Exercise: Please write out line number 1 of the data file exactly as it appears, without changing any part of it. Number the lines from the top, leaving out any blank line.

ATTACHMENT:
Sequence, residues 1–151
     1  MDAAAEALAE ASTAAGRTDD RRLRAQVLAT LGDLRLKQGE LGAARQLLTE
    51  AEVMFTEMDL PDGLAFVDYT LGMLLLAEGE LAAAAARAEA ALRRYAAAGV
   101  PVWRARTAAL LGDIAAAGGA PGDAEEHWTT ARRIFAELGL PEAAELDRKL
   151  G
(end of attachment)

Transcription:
Sequence, residues 1–151